Connections / Area of influence

The port of Santander has a strategic geographical location for trade with Atlantic Europe and the rest of the world. With a latitude at Muelle de Maura of 43º 27' 39" N and a longitude of 3º 48' 10" W, its outer limit is located on the alignment between the Cabo Mayor Lighthouse (43º 29' 29" N, 3º 47' 22" W) and the Cabo Ajo Lighthouse (43º 30' 42" N, 3º 35' 12" W) up to the intersection with the meridian 3º 43' 44" W, which is that of the Santa Marina Island beacon. From the aforementioned line, the port extends 5 miles to the southwest, being its main navigation channel the one that runs along the northern shore of the Bay along the entire edge of the city of Santander, at the end of which, it turns south and continues to the town of Astillero.


By road:



From Asturias.

By the Cantabrian highway (A-8) and the national highway N-634, called San Sebastián-Bilbao-Santander-La Coruña, which connects in Torrelavega with the N-611 Palencia-Santander highway.

From Palencia and Burgos.

By the Cantabria-Meseta highway (A-67) and the national highway N-623, linking with the Torrelavega-Santander highway.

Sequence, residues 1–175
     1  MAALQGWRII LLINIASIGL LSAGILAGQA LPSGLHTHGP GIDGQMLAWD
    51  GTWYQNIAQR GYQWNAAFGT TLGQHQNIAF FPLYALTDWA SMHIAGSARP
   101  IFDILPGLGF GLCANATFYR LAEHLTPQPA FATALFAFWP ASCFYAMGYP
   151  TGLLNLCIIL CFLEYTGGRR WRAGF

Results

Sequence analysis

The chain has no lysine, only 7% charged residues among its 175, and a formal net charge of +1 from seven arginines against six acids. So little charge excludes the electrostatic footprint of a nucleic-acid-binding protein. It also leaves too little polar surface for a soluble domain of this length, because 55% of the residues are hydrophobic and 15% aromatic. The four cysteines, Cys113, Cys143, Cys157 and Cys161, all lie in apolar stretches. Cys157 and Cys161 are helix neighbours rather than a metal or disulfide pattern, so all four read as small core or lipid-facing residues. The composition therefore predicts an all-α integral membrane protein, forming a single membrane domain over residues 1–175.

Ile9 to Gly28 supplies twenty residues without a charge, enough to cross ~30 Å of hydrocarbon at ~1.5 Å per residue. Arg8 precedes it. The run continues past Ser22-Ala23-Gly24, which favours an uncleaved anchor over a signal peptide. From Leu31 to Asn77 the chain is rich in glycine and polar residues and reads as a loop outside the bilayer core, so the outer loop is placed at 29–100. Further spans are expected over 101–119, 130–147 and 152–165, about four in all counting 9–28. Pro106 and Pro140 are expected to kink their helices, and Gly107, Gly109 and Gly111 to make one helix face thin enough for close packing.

From Bilbao. 

By the Cantabrian highway (A-8). All of them are toll-free and with direct access from the port facilities.

By railroad:



Conventional width

Access to the port by conventional gauge is only through the Muriedas station.
This connects with the line from Santander to Madrid, through Valladolid and Palencia.

Metric width

In metric gauge, access is through the Maliaño La Vidriera station.
It connects with the route from Santander to Bilbao and from Santander to Ferrol, passing through Oviedo and Gijón.

The Raos 1, 2, 3 and 5 docks have conventional and metric gauge tracks. All terminals of the port of Santander have rail connection.



In addition to Cantabria and the bordering areas of Asturias and the Basque Country, the main axis of the hinterland of the Port of Santander has historically been Castilla y León. However, thanks to the improvement of the connections with the Meseta, mainly through the toll-free highway, the rest of the Iberian Peninsula has found in the Port of Santander and its privileged geographical location a very competitive solution for the distribution of the goods generated by its industry, shortening distances and reducing costs.  


The internationalizing and global vocation of the Port of Santander is unquestionable and this is demonstrated by the rates of trade with countries such as the United Kingdom, France, Belgium, the Netherlands, Germany in the EU or South America such as Argentina, Venezuela or Brazil, to which we must also add the U.S. But thanks to its privileged location, Santander also finds trade relations with destinations as diverse as the Baltic States, Russia, South Africa, China or Japan. Thus, the development of this international vocation means that the connections of the Port of Santander cover the five continents and the goods that transit through its docks have origin and destination in a hundred countries.